Modeling and Computational Science
The health and resiliency of coral reefs are functions of hundreds of anthropogenic and natural forces acting in concert. Many of these factors are documented and known widely to even non-coral reef scientists throughout the world. However, coastal managers and scientists need to have some idea as to what might happen if they implement innovative interventions or disturbances to the ecosystems, as well as to the social and economic systems linked to those ecosystems.
Coastal ecological and socioeconomic systems are too complex to make confident specific predictions, but coral reef science should be able to simulate the possible ‘outcome spaces’ of any given intervention or perturbation in the system.
To help us better understand the real world NCORE is engaged in the development of interdisciplinary models to replicate certain important features of the systems in high-tech simulations. NCORE is involved in both classical equation-based modeling projects and projects to simulate complex non-linear systems with feedback loops, as one would expect in a coral reef ecosystem. The construction of these agent-based models rely heavily on NCORE’s cumulative understanding of coral reef ecology and its relationships to socioeconomic systems.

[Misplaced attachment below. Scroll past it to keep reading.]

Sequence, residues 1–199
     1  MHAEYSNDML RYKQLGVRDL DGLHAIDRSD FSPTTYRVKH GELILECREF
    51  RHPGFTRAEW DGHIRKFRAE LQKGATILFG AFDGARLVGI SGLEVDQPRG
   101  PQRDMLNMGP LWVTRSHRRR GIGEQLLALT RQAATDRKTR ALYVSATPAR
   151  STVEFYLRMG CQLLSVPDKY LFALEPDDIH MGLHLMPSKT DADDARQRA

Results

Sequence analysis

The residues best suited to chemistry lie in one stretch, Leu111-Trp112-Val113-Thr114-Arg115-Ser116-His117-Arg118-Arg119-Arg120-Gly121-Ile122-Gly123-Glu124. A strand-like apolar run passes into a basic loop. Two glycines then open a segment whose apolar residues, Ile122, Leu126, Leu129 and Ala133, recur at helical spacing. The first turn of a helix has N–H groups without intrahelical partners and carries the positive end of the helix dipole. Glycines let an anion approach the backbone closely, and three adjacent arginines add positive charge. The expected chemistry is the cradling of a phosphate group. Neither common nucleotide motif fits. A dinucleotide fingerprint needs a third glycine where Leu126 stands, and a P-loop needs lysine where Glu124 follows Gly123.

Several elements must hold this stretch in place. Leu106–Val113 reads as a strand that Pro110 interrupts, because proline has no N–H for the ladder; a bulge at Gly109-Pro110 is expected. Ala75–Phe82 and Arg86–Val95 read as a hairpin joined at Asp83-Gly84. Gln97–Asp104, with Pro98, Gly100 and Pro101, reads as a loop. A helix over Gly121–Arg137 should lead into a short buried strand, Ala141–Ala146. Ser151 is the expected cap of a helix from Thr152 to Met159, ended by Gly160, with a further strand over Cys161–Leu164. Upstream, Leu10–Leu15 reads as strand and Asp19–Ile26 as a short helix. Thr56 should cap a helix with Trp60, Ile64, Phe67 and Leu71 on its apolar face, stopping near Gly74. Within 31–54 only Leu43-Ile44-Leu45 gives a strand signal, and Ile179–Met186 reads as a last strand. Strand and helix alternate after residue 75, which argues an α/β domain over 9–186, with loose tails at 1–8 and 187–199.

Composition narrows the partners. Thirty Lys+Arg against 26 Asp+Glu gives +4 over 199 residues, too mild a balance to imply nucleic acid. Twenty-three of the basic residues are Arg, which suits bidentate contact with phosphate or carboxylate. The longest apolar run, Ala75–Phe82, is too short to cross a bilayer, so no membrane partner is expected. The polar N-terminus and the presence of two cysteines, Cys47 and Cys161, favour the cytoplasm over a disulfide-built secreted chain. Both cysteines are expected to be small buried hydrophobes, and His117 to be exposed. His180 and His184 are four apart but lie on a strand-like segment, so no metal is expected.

Through ground-breaking interdisciplinary work, University of Miami scientists have developed models to assess damage and re-growth rates of corals after devastating hurricanes, established areas best suited for sustainable aquaculture and marine broodstock development, and have provided analyses of how marine larval dispersal and coral reef communities connect over vast expanses of open ocean.
How do we simulate the anthropogenic effects to the coral reef ecosystem in a data sparse situations?
What linkages and taxonomic attributes of the elements of a complex coral reef ecosystem that should be considered in developing models?
How do you initialize agent-based models and how do you analyze the emerging behavior of the global system?